More people voted absentee in Pinellas in the 2012 presidential election than in any other Florida county, and turnout in Pinellas has exceeded the statewide average in four of the past five state general elections.

Many voters in Pinellas can cast ballots in the upcoming race to replace the late U.S. Rep. C.W. Bill Young in Congress. A three-way Republican primary will be held Jan. 14, and the general election will be March 11. The GOP candidates are Mark Bircher, David Jolly and Kathleen Peters.

Every Pinellas voter who asks Clark's office for an absentee ballot in the upcoming election for Young's seat gets a flier with instructions for "mail ballot drop-off locations."

In the Republican primary, Clark will use five drop-off sites from Jan. 4-14 in addition to her three offices. They include two tax collector offices in Clearwater, on U.S. 19 N and on Gulf-to-Bay Boulevard; on 66th St. N in St. Petersburg; and at branch libraries in Pinellas Park and Seminole.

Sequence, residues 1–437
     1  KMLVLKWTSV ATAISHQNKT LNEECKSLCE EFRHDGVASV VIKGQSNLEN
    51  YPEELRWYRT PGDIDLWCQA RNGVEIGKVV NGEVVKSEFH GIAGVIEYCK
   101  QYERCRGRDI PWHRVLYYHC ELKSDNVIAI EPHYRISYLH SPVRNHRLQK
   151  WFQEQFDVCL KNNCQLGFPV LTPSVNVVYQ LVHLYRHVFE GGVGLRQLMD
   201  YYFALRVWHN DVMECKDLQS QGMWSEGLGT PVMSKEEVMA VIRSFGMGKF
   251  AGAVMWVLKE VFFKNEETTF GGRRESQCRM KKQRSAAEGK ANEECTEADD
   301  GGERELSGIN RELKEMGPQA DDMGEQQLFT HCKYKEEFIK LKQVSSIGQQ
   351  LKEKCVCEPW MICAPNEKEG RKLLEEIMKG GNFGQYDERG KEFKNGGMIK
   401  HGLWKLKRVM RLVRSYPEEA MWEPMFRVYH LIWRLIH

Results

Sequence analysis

Clark's colleagues quickly rallied around her Monday as they continued to accuse the state of acting against the voters' best interests.

In Pasco, where elections chief Corley uses eight library branches as drop-off sites, all supervised by deputized election workers, he said Clark's actions, unlike Detzner's, "are clearly aimed at helping the most important stakeholders in this process: the voters."

Hillsborough Supervisor Craig Latimer said Detzner's directive "is outside the bounds of (his) legal authority, and I know it is not in the best interest of our voters."

Deirdre Macnab, president of the League of Women Voters of Florida, said: "It would seem poor timing for Gov. Scott to squash the vote on the eve of an election year, but it's hard to draw any different conclusion."

Macnab said the state order "unjustifiably interferes with absentee voting."

By defying the state's directive on absentee ballot returns, Clark appears to have put the state in a political box: It now must let her ignore its advice or take her to court, provoking a much bigger confrontation.